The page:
Is it possible to make a feature film about a woman's struggle to break into the upper echelons of movie trailer voice-overs? I wouldn't have thought so either, but here we are. You may know Lake Bell as Dr. Cat Black from the enjoyably strange Childrens Hospital on Adult Swim (or as the "best lady friend" in several romantic comedies) but her writing-and-directing debut is a seemingly standard underdog story that also manages to touch on daddy issues, female empowerment and the inherent silliness of an industry where people with booming voices are paid millions of dollars to read words into microphones.
Bell plays Carol Solomon, a vocal coach who still lives with her voice-over legend father. Despite a job that includes teaching Eva Longoria how to employ a Cockney accent, she dreams of thriving in what has traditionally been a male-dominated field. In a wise decision, Bell's quest for legitimacy isn't imbued with unrealistic importance. She's trying to find a place in the world, but it's not a life-or-death scenario. She just wants to be happy -- as does almost everyone else in the film -- and that makes their labors considerably more relatable.
In a World isn't packed with meaty substance, but it also avoids being flighty (or devolving into a joke delivery machine). Despite the occasional illogical story leap (Carol's rise to the top of her profession occurs alarmingly fast) and some clunky exposition (yes, every character in the movie, we haven't forgotten that starting a trailer with "in a world..." is the long-lost gold standard), a series of engaging characters keep the film enjoyable and grounded in reality. Basically, you want everyone to succeed because you like them so darn much.
Directing is not exactly Bell's strength, but she's smart enough to gather a bunch of talented comedic actors and let them play in front of the camera. Eschewing melodrama, the characters in In a World respond to their problems in quiet, poignant ways. In particular, a conflict-resolving scene between married couple Rob Corddry and Michaela Watkins is brilliantly short and sweet. There's no swelling music or unnecessary build-up; the power comes from two well-defined characters and a smart script, getting right to the point and leaving the audience a little teary-eyed in the process.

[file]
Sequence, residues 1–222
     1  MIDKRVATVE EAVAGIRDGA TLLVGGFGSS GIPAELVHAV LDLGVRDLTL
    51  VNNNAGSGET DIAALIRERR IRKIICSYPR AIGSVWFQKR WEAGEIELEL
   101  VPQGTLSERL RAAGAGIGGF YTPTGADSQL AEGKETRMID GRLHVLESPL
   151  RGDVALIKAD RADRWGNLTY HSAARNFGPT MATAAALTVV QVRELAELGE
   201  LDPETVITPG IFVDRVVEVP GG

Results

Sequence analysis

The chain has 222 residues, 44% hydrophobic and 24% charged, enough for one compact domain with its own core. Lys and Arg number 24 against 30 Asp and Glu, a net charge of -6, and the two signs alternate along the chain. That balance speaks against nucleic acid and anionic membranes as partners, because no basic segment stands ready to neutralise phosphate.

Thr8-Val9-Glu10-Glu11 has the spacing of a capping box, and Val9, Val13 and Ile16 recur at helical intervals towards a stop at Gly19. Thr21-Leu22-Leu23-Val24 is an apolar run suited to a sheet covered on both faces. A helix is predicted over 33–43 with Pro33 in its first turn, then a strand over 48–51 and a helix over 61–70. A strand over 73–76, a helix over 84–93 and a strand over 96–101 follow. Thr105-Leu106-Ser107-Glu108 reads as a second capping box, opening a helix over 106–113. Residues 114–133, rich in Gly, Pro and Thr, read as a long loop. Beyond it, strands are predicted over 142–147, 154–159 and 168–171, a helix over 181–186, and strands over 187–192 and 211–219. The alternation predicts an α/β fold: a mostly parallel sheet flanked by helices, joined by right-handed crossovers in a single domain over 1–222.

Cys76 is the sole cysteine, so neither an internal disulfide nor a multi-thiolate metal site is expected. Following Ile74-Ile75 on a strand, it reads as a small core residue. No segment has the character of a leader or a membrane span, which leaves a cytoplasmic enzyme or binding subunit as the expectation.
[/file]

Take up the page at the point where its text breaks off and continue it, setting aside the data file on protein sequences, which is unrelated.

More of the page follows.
Then again, part of the enjoyment may come from appreciating a cast packed with alternative comedy superstars and recognizable faces. Tig Notaro and Nick Offerman pop up as engineers in Bell's recording studio; fellow Childrens Hospital star Ken Marino plays the "face" of the voice-over world that Bell unwittingly robs of several key jobs. Fred Melamed (better known as Sy Ableman in A Serious Man, one of the more underrated performances of the last decade) gets to show off his disgustingly hairy back and shoulders as Carol's legendary father.
But the real star of the film is Demetri Martin. No longer insufferably quirky (he's toned it down to "regular quirky"), the 40-year-old comedian shines as Bell's unrequited love interest. He hits all the usual notes (awkward phone conversations, lame attempts to ask her out) but never seems crushed by his failures. Perhaps obliviously, perhaps purposefully, he pursues Bell with vigor and a quiet sort of confidence. It's a refreshing take on burgeoning nerdy relationships; slightly peculiar dudes shouldn't have to tumble ass-backwards into every cinematic romance.
I'm not sure if Lake Bell has any other stories to tell, but In a World is a solid debut that hits more than a few emotional high notes. At the very least, she's put her comedic Rolodex to good use.